Desdemona rises to her feet but without moving away from the chair; and as she finishes the first part, 'Sarà la mia ghirlanda', she resumes her seat almost mechanically.'Scendean l'augelli a vol'
She raises her left arm as though indicating the flight of the birds, gradually lowers it, keeping it outstretched.'E gli occhi suoi'
She remains motionless with an expression of extreme sorrow: then suddenly her gaze alights upon a ring which she wears on her finger; she removes it, and turning Right, hands it to Emilia saying, 'Riponi quest'anello.' Emilia puts it away in the casket.'Povera Barbara'
She rises to her feet with an air of grief; then she comes downstage two or three paces, saying with great simplicity, 'Solea la storia'. . .Emilia moves slightly left.'Odo un lamento'
Just as she is about to finish the song she seems to hear a groan, and suddenly stops short; turning towards Emilia she makes a sign of listening.
Alarmed, she takes a couple of paces backstage, while Emilia also moves in the same direction, then she suddenly turns to speak. Desdemona says to her, 'Be silent,' then, troubled once more, points to the door Left and cries out:'Chi bate a quell porta?'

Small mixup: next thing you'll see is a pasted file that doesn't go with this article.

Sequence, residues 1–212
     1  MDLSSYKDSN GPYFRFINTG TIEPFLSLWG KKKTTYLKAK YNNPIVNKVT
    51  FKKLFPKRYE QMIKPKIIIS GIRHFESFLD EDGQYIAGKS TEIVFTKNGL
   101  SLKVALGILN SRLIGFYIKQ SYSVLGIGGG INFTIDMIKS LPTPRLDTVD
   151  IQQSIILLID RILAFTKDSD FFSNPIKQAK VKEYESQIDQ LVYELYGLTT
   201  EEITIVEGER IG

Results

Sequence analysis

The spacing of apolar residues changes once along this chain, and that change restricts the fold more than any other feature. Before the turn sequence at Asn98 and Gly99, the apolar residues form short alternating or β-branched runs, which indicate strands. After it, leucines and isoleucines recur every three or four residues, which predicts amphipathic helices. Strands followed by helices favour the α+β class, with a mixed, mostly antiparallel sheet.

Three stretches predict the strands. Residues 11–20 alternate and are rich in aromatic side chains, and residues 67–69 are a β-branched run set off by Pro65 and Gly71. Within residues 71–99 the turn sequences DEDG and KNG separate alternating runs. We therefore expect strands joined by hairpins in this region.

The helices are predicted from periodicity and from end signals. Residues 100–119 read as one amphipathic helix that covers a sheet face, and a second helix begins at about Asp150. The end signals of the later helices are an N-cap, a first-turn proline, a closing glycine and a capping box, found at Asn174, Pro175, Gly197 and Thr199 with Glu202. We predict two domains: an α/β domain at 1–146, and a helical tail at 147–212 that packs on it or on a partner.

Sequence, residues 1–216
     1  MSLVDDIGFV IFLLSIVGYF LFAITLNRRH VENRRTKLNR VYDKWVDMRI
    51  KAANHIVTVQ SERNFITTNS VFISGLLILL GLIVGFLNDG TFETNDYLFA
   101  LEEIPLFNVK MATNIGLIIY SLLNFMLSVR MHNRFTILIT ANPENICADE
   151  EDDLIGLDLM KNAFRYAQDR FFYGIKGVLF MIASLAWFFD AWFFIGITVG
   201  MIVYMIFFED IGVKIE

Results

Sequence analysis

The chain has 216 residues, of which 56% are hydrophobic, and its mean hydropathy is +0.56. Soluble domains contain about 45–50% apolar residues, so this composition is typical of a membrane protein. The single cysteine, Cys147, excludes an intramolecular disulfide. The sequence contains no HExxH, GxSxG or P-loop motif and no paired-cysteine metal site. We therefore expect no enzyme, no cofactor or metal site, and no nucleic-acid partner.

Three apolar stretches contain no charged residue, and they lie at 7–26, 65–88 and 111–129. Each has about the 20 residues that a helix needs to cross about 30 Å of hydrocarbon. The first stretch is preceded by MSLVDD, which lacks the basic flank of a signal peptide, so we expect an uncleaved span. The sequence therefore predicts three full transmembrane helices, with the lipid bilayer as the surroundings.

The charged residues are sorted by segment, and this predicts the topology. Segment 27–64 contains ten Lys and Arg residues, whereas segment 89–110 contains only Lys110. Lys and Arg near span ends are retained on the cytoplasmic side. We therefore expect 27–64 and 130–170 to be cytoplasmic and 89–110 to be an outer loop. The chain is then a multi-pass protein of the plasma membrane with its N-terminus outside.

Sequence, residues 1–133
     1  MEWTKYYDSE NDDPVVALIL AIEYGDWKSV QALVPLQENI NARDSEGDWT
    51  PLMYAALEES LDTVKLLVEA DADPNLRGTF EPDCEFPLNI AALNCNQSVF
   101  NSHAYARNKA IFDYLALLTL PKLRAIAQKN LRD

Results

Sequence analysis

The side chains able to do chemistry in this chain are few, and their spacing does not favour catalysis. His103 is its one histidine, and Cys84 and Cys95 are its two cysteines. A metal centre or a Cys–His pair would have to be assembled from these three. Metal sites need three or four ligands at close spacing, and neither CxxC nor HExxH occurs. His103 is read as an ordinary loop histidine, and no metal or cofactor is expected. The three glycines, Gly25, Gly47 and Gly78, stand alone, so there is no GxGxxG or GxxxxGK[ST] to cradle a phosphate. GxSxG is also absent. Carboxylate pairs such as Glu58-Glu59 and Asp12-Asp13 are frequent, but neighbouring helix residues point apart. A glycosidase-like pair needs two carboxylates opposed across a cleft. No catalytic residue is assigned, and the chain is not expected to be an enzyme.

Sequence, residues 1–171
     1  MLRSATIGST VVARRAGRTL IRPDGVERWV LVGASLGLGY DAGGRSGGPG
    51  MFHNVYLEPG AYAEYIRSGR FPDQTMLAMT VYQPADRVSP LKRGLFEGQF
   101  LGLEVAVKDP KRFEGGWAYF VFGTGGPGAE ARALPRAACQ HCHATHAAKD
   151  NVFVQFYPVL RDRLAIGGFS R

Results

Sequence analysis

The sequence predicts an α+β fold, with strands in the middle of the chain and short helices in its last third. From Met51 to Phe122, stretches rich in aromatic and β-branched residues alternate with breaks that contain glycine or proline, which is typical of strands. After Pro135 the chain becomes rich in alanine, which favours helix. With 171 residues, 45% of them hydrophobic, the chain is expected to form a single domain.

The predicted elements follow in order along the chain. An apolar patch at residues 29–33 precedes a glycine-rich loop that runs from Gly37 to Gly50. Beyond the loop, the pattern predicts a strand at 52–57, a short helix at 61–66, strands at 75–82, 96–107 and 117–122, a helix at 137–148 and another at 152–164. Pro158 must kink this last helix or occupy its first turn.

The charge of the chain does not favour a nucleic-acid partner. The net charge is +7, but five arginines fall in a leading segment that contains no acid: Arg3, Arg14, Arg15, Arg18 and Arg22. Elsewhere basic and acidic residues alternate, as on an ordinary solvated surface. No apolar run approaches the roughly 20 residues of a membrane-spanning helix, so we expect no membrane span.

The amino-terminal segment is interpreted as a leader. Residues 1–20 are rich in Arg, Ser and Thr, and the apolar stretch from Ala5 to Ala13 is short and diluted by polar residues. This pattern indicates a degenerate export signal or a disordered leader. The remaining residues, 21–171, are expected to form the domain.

Emilia goes hurriedly to the door, then turns and reassures Desdemona as she replies, 'È il vento.''Salce! Salce! Salce!'
Desdemona recovers her calm; and turning towards the audience comes forward slowly for a couple of paces, then she resumes her former position to finish the song: Emilia should have moved a little nearer to her.
This last lament should be sung with a strange, mournful voice that seems to come from a distance; then Desdemona should remain motionless for a moment; then as though to dispel such gloomy thoughts she pulls herself together, turns to Emilia and says to her affectionately: 'Emilia, addio.''Come m'ardon le ciglia!'
She covers her eyes with one hand; she remains thoughtful, adding with great sadness: 'È presagio di pianto.''Buona notte.'
She speaks with decision, making a gesture of salutation to Emilia; Emilia returns the salutation and moves slowly and sadly towards the door left.
Seeing Emilia go, Desdemona recalls her with the passionate cry: 'Ah! Emilia!' and takes two steps towards her. Emilia halts, turns and runs to Desdemona, who enfolds her in an affectionate embrace, then dismisses her with a kiss on the forehead. These movements should be calculated so that the embrace takes place exactly on the second 'Emilia, addio.'
[Disp. scen., p. 89-91.]
Ricordi's Disposizione Scenica entered by Stephen L. Parker